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If I remember correctly, the first Bose we
installed in an aircraft was during 1989; the panel-mounted Bose was
placed in a Cessna T210. ANR
was all new to the aviation world and as the leader they are Bose was
the forerunner; today there are dozens of headset companies
manufacturing ANR (some use other names such as ENR) headsets.
I had never worn an ANR headset before the T210 installation and
didn't really know what to expect.
Before starting the aircraft I placed the Bose on my head and
fired up the Cessna; at that point nothing exciting seemed to happen and
I figured the headset was just another expensive aviation product.
Soon I got distracted and forgot about having the Bose on, then
turned on the avionics master switch and the engine quit! Or at least I
thought it did, my first thought was how could we possibly have wired
the new installation so it would shut-off the engine when the avionics
were turned on? Instantly I
turned off the master and sure enough the engine sounded normal, only
issue was it didn't sound as if there ever were a problem.
Then it hit me, could the Bose ANR be "That" good?
Sure enough, I soon figured out that turning on the avionics
master energized the avionics and Bose panel-mount, not shutting down
One may think that it wouldn't be wise to
block out all the background noise and that's true.
What the Bose does is greatly lower the background noise in the
60-100hz range; it doesn't completely remove it.
After flying with this headset for an hour or so, you"ll soon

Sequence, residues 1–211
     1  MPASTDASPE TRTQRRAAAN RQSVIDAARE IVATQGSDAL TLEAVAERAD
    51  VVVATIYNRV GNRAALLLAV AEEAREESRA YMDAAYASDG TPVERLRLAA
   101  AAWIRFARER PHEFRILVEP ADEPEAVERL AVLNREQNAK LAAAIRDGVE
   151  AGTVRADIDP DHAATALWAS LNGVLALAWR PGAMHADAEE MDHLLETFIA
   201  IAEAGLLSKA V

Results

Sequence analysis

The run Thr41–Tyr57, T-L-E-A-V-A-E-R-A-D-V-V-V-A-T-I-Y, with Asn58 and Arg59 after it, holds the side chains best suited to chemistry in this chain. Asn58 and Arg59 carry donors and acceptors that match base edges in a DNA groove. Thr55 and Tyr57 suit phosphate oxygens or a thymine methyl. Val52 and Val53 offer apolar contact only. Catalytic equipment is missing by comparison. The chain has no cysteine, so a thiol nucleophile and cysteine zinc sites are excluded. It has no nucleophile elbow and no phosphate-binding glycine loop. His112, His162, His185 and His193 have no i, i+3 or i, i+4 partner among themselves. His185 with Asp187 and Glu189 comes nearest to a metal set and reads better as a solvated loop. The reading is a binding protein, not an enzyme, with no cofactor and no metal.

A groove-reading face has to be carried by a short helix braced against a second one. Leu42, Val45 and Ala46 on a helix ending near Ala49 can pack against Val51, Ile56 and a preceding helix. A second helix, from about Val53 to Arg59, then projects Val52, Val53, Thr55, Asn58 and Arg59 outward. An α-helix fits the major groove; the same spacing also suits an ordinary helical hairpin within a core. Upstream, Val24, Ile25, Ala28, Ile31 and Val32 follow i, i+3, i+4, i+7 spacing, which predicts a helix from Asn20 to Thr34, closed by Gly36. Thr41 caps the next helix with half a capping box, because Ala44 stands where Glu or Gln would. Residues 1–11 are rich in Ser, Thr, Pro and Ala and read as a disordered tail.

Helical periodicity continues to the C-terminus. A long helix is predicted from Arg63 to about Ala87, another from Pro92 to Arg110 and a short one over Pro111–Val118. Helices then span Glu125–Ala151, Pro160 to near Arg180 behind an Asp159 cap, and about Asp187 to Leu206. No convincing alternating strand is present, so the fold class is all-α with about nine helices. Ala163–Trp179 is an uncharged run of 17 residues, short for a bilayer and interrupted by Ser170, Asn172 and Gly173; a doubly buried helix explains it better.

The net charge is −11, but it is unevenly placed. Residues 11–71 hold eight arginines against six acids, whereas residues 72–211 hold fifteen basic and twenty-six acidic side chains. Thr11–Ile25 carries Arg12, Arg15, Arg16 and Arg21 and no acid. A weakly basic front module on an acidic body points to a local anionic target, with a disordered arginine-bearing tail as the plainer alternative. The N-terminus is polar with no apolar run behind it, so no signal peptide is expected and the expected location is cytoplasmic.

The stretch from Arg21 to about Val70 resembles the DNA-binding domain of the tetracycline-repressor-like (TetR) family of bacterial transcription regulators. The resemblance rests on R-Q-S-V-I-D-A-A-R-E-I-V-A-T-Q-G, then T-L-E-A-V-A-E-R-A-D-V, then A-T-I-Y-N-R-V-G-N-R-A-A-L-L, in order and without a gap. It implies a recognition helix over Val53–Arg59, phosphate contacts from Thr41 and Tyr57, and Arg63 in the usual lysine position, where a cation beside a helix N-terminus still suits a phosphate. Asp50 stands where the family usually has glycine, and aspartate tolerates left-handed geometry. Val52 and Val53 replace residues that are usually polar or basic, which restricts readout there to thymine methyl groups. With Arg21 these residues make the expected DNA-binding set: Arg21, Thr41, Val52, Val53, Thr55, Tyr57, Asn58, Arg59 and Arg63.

notice any difference in the engine or prop noise.
The purpose of any ANR headset is to remove unwanted noise with a
certain frequency range and the Bose does a bang-up job of that.
Using an ANR headset will make the poorest intercom sound like
the folks on the system are sitting in your quiet living room, ATC will
be much clearer than you can imagine and pilot fatigue will be greatly
reduced on cross country trips. Why
any pilot would use anything but an ANR headset (with the exception of
open cockpits and some helicopters) is beyond me.
Later the Series II Bose came out; it was
much like the first generation Bose, the greatest improvement if I
remember correctly was the small panel-mounted connector.
The first generation Bose connectors were about the diameter of a
beer bottle and the Series II were about the size of your thumb; a big
difference if it's to be installed in an instrument panel to where
real estate is valuable.
Some years later Bose announced the Bose X
series ANR headset. This
lightweight headset only weighs 12 ounces; my friends that"s light for
an ANR headset. Bose was
able to slash the weight by using an ultra-light magnesium headband.
The first generation Bose X employed an advanced torsion spring,
contoured ear cups and soft padded ear cushions, making the Bose X the
most comfortable headset built. Early
model X series had a foam material at the top of the headset where the
two magnesium bands join via the torsion spring; later Bose changed this
foam to sheepskin, thus enhancing the comfort of the headset.
The Bose X has about 50% less clamping action than most
conventional headsets. I've